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Integrating urban heat island influences into statistically downscaled climate projections in the Truckee Meadows, Nevada
AuthorHatchett, Benjamin J.
AdvisorKoracin, Darko R.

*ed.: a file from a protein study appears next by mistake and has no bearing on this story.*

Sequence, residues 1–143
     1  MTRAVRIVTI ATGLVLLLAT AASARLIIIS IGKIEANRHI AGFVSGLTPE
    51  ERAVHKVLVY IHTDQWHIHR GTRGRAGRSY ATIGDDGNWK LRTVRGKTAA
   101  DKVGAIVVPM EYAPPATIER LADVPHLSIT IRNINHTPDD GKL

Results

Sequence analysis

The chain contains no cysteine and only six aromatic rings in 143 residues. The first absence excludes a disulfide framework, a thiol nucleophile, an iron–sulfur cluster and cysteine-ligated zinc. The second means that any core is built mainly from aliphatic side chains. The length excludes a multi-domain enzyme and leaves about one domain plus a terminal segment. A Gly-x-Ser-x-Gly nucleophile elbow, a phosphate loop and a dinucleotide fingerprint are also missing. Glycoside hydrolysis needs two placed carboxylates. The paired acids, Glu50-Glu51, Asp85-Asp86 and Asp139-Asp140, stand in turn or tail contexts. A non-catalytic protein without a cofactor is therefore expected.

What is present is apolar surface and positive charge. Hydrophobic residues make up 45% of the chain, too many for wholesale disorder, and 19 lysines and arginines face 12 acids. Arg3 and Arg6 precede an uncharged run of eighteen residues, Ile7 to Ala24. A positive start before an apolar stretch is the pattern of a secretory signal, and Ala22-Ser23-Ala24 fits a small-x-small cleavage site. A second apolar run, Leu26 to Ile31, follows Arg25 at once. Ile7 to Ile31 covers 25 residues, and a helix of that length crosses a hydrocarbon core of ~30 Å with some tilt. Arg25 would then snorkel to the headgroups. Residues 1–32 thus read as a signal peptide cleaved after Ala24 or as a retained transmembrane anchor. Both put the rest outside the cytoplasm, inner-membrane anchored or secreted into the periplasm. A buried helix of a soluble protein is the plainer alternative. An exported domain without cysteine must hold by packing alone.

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The Truckee Meadows is a narrow, semi-arid valley located in the lee of the Sierra Nevada and includes the cities of Reno and Sparks, Nevada. Cities are usually warmer than the surrounding countryside, especially at night, due to changes in the surface energy budget. This effect is known as the urban heat island (UHI) and results in a decreased diurnal temperature range, increased urban water usage and cooling costs during the warm season and exacerbates public health problems associated with heat waves and air quality. An examination of the Truckee Meadows' trends in daily and monthly mean minimum temperatures during 1938-2010 identified an UHI. The maximum summer UHI exceeds the magnitude predicted as a function of population by the classical method of Oke (1976) by 2°C. The thermal perturbation of the UHI was not discernible in nearby upper-air rawinsonde sounding data which indicates the shallow, localized effect of this physical phenomenon. A synoptic climatology indicated that the North American Monsoon may provide favorable conditions for UHI development during the summer. Several methods for downscaling future temperature projections for the Truckee Meadows produced by global climate model data under three IPCC emissions scenarios (A1b, A2 and B2) for the future period 2041-2060 were examined. Results indicated that a bias correction and constructed analogs method with an additional bias correction step that incorporates the maximum UHI signal (1970-2009) is vital in producing robust results that include UHI effects for future urban resource planning and management. Further work is suggested focusing on the development of a fine spatial resolution observation network and physical sensitivity testing of the UHI via sub-kilometer scale numerical modeling efforts.